Yesterday morning, it actually happened to My Sweet Husband (MSH). A copperhead snake bit him on his left index finger. If you’re unfamiliar with copperhead snakes, Google them. They aren’t nice. They're not usually deadly. Not as fatal or harmful as rattlesnakes or water moccasins. But they’re mean, scary and painful. For a small child? They’d be unbelievably horrific.
MSH had been out at walking Buddy Boo Bear when he saw a copperhead curled up near our outdoor kitchen. He came running in to get a gun to shoot it—hoping it didn't slither off. He got it. A couple of hours later, he decided it was time to clear out the ivy in the garden near our bedroom door. He knows I love my ivy. It is, however, a safe haven for those evil serpents. Our bedroom is on the side of the house where six other copperheads have decided—in the past three years—to live. (They've ultimately paid the price for choosing our home to be their place of residence. Sorry. We simply cannot let them stay. Not with grandkids running around. And Senior Citizens. And everyone in between.)
Because MSH does 98% of our outdoor work—mowing, weedeating, plowing, trimming, clearing, planting, watering, etc.—he wears “snake guards” most of the time. These go on his shins and are good protection against snakes—especially when used in conjunction with jeans, heavy socks and boots. He had his snake guards and leather gloves on yesterday as he worked. He’d been at it for almost two hours when it happened. Just a few minutes before the attack, I’d stuck my head out our door, before getting into the shower, to check on him. He’d said he was nearly finished.
As I emerged from the shower and was beginning to put a little makeup on, I heard our door open and this: “I’ve been bit by a copperhead.”
ELC (as I ran out of our bathroom and entered our bedroom): NO. NO. NO. NO. Tell me you’re kidding.
MSH: I’m not. I’ve been bit. Call the ER and ask them what we should do before we head that way.
He then got his gun and went back out the door. I heard two shots as I was trying to look up the hospital phone number in our kitchen. I was shaking so much I could barely turn the phonebook pages.
I got a recording. They were going to answer calls in the order in which they came. Uh, NOPE. I hung up and dialed 911. The nice young woman talked to me as I dressed and told me we should ice the bite and MSH should elevate his hand above his heart. She asked me for a phone number. (I thought I was giving her my cell number.)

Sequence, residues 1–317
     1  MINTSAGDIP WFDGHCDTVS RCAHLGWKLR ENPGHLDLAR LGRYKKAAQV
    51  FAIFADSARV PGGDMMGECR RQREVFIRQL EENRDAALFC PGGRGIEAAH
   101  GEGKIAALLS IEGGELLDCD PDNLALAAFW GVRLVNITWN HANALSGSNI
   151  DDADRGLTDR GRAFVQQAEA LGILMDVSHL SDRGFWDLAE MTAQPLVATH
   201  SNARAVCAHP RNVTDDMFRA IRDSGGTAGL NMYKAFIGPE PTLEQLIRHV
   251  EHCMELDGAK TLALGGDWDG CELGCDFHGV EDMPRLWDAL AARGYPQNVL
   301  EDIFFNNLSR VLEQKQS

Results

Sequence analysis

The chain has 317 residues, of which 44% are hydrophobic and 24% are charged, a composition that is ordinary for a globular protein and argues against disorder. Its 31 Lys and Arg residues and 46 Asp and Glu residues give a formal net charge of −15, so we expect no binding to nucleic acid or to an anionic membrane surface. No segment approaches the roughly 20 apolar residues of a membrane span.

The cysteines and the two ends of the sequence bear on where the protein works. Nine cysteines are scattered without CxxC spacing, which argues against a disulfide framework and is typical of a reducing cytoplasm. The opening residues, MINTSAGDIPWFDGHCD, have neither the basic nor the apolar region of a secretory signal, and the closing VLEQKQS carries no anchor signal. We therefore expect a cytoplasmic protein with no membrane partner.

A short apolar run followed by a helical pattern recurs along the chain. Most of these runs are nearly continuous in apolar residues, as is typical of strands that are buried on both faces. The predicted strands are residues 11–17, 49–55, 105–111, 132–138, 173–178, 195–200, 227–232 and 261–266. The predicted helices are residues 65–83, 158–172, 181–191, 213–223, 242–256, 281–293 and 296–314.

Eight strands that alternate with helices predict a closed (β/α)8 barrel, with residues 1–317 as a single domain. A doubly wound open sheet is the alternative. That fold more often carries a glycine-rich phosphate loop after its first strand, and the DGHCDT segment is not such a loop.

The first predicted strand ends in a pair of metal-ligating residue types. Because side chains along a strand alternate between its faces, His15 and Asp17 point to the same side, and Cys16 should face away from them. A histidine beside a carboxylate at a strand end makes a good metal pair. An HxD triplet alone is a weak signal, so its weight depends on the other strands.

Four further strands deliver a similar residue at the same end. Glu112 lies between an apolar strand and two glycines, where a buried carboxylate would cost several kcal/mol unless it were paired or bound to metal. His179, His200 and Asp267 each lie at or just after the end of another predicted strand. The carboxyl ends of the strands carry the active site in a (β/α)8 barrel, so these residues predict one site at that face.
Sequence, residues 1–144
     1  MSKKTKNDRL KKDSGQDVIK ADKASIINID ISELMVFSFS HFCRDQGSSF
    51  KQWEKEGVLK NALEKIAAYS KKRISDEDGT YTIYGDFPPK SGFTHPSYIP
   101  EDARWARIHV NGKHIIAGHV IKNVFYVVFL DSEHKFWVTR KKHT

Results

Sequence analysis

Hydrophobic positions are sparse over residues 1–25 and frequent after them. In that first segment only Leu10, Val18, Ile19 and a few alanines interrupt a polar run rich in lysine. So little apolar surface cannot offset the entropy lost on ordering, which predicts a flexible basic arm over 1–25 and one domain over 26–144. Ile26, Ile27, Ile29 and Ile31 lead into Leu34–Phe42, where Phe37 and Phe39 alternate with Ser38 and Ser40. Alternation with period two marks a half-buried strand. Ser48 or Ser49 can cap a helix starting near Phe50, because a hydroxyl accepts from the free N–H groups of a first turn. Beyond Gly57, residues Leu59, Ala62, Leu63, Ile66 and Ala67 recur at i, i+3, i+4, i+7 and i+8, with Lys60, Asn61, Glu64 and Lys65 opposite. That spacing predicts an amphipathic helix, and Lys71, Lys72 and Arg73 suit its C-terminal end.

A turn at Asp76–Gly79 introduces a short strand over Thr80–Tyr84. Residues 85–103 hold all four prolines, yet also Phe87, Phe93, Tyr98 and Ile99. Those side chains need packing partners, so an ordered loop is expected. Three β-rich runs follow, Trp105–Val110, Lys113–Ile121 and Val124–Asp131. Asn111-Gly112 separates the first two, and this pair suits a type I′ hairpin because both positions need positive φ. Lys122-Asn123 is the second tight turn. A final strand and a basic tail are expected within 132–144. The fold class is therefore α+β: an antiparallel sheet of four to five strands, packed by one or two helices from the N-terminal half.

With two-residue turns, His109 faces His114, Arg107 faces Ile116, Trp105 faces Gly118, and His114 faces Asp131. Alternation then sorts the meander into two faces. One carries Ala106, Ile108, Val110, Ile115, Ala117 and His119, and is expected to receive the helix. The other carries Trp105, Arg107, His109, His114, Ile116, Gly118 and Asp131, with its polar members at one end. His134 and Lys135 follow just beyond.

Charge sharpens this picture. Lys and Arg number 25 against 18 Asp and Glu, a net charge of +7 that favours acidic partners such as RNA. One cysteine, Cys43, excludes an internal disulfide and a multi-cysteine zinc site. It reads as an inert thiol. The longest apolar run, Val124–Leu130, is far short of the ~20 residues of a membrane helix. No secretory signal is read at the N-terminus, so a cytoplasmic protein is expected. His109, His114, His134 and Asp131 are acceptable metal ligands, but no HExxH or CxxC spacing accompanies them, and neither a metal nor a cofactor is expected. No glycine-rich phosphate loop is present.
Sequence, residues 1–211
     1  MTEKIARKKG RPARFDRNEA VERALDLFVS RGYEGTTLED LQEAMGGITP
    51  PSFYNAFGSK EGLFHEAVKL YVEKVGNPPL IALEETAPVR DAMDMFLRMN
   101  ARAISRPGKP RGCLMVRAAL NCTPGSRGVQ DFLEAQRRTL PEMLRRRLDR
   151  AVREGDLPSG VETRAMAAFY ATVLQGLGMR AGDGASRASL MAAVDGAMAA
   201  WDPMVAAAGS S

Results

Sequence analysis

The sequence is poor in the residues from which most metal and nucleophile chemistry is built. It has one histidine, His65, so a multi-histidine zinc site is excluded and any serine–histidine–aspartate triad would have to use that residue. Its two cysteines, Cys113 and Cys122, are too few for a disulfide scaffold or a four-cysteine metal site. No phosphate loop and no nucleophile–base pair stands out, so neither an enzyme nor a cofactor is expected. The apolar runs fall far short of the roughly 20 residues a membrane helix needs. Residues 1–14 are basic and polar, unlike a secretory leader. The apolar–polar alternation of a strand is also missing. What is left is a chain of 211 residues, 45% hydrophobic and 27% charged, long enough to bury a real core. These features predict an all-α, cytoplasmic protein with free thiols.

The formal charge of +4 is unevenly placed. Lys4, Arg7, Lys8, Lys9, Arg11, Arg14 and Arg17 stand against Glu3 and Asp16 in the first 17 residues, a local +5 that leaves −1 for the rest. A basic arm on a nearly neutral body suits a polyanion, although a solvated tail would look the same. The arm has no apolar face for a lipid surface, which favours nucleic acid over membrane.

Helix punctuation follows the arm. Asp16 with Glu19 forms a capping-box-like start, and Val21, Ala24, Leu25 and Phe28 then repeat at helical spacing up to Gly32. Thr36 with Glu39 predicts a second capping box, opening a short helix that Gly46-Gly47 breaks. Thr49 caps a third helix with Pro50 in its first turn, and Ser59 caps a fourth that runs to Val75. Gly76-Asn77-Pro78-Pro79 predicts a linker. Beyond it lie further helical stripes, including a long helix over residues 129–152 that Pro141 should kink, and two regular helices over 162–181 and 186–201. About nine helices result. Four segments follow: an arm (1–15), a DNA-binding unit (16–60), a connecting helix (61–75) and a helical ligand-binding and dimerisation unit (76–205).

MSH’s heart. Oh, my. He had his second heart attack in two years this past March. It was beyond frightening for him, me and all of our family. Now I was worried about his heart and blood pressure. I quickly finished dressing (let me tell Y'all I looked lovely and, of course, I'm being sarcastic) and we raced out the door. MSH stayed calm. He even joked a little as I drove 90 miles an hour down the highway to our hospital—seventeen miles south—with my flashers on. Five miles down the road his phone rang. (I’d given the 911 Operator his cell number!). He answered. She told MSH he should NOT ice it or elevate it. He said: “Okay! Thank you so very much!”
We love our ER. We were extremely lucky as a doctor we’ve known for over thirty years was there yesterday. She knows us. She knows snake bites. She said MSH was lucky he had gloves on. He did get venom—because there was significant swelling in his finger, his knuckles and a small amount to his wrist. His blood pressure went from 220 down to 170 back to 200 down to 180 back to 200 for the first three hours. Then it settled at 170. We had a precious nurse who took good care of him. She gave him an antibiotic, some meds for his stomach—in case he started feeling sick—and measured his finger and hand every twenty minutes to monitor the swelling. The doctor decided he wouldn’t need the anti-venom—not unless his finger took a turn for the worse over the next few hours or days. She told us what to watch out for and sent us home. MSH was happy happy HAPPY.
On the way home, I called our Sheriff’s Office and asked the lady that answered the phone to tell the 911 operator we’d both talked to that MSH was fine! That her calm and encouraging help had been a blessing to us and we’d always be grateful to her for her kindness. The lady answering the phone said it was “Amy” and Amy'd be thrilled I’d called back. That they seldom ever knew what happened to most people after the initial 911 call. What would we do without these dedicated people?
MSH wasn’t ever in too much pain. He slept fairly well last night and has had a good day. He has strict orders to stay quiet and cool for the rest of the week. He knows he’ll be answering to TLC if he wavers from his orders. He’s much more afraid of her than moi!
I am considering the possibility of putting MSH up for adoption. (Buddy Boo Bear will have to be part of the package—since he adores MSH and only likes me when MSH isn’t around.) I told MSH I could not take another ER trip, on his behalf, for another year. Or two. Or three. He’s going to make me have a heart attack or stroke. Sheesh.
Living out here, in the sticks, we’re used to seeing lots of God’s creatures. Armadillos. Scorpions. Centipedes. Hundreds of spiders. Big spiders. Foxes. Bobcats. Coyotes. Raccoons. Possums. Skunks. I’m pretty sure I’d take any of these creatures over even the smallest garden snake. Copperheads? I want them banished from our country casa and place. Forever. PLEASE.
Wishing Y’all a week that is SNAKE-